e12C->epX, when plotted as a function of the missing momentum (Pm) and missing energy (Em) carried by X

Testing the Limits of Nuclear Many Body Theory (top ^)

New data on the reaction e12C->epX, when plotted as a function of the missing momentum (Pm) and missing energy (Em) carried by X (see Figure) shows the expected pion production channel (events that are Fermi-smeared around the diagonal line), and the expected quasifree events where X is a recoiling A=11 system (the events clustered around Em=O). However, it also clearly shows a large number of events (the green "peninsula") consistent with two body correlations.

In addition to epX events, e2HX and e3HX have been seen:

Events 1

e2HX and e3HX

as well as events in which the nucleus is seen to shatter into all possible numbers of protons:

Events 2

the nucleus is seen to shatter into all possible numbers of protons

For more information, see: http://www.jlab.org/Hall-B/


Deuteron A

The "t20 experiment

Probing the Limits of Standard Nuclear Physics (top ^)

The deuteron is not a spherical nucleus. In the standard proton-neutron picture of this simplest nucleus, it's shape is largely determined by pion exchange which leads to strong noncentral (namely "tensor") interactions. While clearly correct at large distances, many expected this description to break down as the proton and neutron quark wavefunctions began to overlap one another. The "t20 experiment" has measured this shape at high momentum transfers (Q2) corresponding to distances of order the proton radius and seen no departure from standard nuclear physics.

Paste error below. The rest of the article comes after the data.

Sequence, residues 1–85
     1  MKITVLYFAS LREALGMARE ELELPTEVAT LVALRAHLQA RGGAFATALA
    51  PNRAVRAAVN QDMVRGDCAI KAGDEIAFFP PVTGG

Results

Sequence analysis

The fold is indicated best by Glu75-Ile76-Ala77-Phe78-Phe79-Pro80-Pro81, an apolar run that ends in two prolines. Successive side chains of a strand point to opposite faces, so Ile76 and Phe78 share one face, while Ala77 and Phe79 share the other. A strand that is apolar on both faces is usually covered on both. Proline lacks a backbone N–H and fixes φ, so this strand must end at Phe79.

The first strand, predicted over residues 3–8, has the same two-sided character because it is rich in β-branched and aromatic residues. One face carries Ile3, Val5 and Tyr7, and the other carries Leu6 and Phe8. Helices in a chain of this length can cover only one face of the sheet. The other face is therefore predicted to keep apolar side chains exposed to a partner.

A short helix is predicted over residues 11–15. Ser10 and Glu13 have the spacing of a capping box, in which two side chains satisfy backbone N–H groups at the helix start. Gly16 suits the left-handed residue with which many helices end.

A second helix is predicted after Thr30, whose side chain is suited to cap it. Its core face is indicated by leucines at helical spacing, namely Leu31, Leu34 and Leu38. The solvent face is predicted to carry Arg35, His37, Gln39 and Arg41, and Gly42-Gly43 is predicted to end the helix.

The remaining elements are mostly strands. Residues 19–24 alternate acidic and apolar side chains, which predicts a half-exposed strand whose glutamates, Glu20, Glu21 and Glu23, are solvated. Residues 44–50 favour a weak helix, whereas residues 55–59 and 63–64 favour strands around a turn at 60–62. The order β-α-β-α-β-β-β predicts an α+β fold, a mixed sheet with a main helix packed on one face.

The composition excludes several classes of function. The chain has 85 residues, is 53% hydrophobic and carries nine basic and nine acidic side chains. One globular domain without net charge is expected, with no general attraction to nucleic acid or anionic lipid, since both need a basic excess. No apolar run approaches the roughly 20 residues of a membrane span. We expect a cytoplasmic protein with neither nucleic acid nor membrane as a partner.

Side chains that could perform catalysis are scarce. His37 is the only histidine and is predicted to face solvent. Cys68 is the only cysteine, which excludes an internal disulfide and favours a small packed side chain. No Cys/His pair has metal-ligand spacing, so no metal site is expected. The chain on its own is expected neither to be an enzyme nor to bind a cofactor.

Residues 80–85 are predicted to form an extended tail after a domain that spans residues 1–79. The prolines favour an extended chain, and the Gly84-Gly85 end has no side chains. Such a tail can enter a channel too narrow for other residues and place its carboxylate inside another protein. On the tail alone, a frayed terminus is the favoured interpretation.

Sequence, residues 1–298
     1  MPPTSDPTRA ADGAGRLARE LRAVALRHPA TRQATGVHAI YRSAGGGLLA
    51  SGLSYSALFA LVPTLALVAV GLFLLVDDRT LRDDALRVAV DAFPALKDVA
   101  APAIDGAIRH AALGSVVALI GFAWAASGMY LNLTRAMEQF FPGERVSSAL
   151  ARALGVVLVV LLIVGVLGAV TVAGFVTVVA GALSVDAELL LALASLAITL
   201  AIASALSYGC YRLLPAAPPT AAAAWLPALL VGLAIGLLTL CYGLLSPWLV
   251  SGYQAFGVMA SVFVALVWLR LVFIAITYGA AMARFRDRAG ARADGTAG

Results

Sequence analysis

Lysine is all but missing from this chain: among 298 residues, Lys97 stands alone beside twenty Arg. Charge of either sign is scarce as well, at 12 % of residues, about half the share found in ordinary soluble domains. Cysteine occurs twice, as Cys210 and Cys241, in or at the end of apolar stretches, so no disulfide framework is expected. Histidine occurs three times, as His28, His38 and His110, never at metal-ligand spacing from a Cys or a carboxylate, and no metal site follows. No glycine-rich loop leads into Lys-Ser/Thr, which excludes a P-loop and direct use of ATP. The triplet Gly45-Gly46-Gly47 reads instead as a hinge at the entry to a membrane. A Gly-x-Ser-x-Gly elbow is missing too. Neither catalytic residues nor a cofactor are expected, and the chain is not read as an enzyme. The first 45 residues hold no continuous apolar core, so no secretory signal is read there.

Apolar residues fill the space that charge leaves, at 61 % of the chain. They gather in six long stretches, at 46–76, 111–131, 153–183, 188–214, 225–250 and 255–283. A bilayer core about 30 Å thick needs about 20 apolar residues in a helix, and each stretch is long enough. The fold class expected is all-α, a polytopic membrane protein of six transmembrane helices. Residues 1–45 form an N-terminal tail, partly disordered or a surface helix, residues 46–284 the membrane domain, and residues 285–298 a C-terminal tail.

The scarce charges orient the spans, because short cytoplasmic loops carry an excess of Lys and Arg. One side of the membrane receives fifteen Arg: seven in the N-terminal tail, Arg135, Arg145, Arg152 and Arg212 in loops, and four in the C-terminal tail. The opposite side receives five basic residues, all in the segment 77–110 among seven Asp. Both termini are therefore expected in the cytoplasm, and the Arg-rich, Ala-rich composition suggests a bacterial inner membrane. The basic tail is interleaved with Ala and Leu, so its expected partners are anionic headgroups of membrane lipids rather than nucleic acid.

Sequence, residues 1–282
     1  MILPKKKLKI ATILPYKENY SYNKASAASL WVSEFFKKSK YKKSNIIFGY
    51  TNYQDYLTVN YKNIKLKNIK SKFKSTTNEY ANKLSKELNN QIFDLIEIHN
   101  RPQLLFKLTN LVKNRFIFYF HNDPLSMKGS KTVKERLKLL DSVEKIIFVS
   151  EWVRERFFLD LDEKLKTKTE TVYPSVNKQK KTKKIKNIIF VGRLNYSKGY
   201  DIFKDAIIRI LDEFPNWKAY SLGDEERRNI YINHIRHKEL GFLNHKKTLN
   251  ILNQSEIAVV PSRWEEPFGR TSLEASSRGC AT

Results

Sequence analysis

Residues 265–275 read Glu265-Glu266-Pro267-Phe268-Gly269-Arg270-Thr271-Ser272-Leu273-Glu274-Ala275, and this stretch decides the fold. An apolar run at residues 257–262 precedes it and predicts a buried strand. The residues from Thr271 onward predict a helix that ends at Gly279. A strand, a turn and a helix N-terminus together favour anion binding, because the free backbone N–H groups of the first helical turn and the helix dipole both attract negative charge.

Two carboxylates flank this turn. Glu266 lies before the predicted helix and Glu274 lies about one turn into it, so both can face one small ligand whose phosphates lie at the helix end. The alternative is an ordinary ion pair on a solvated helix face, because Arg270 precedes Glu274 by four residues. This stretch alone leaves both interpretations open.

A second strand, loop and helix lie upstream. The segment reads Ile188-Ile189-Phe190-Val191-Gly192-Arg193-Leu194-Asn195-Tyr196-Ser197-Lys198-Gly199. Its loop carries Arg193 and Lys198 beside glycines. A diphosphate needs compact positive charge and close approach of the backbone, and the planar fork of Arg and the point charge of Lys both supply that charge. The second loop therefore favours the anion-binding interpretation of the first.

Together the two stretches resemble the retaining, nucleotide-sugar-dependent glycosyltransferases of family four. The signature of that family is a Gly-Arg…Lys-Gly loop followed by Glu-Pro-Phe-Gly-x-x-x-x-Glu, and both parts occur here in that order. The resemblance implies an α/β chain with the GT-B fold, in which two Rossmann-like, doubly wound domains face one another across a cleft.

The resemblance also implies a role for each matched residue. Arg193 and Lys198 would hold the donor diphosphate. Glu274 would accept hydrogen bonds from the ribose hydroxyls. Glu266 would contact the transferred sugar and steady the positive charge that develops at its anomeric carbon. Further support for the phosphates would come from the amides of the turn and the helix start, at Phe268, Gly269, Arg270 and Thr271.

When combined with earlier data from CEBAF's Hall A:

BCD Shapes 1

When combined with earlier data from CEBAF's Hall A

For more information see: L. C. Alexa et al., Phys. Rev. Lett. 82, 1374 (2000).

One can deduce the intrinsic shape of the deuteron:

BCD Shapes 2

the intrinsic shape of the deuteron

For more information see: D. Abbott et al., Phys. Rev. Lett. 82, 1379 (1999); D. Abbott, et al., Eur. Phys. J. A7, 421 (2000); D. Abbott, et al., Phys. Rev Lett. 84, 5053 (2000) and http://www.jlab.org/Hall-C/


Exotic Meson

the Exotic Meson experiment

Gluonic Excitation Cross Sections Are Large (top ^)

Glue plays a central role in strongly interacting matter: The mass of the proton is about half gluonic, and the most novel feature of QCD, quark confinement, is due to gluonic forces. The most basic experimental signature for the presence and dynamics of glue is the spectrum of gluonic excitations of strongly interacting matter, but no states of this type have yet been established. It had long been believed that searches for gluonic excitations of Q Bar 2 mesons with "exotic" quantum numbers would be the most fruitful method for discovering these states and extracting information from them on the dynamics underlying quark confinement.

However, planned searches (e.g., at the 12 GeV CEBAF Upgrade) were based on the speculation that the production cross section for such states were sizeable. In Phys. Rev. D 60, 114016 (1999) it is shown, using an exact duality of the heavy quark limit, that the cross sections for such states is large in the flux tube model, and that the physics underlying these large cross sections can be seen in operation in the model-independent region where perturbative QCD can be applied. Once identified, this mechanism for gluonic excitation can be tracked into ordinary hadrons, with the important conclusion that gluonic excitation cross sections are comparable to ordinary excited state cross sections once the threshold for their production is crossed.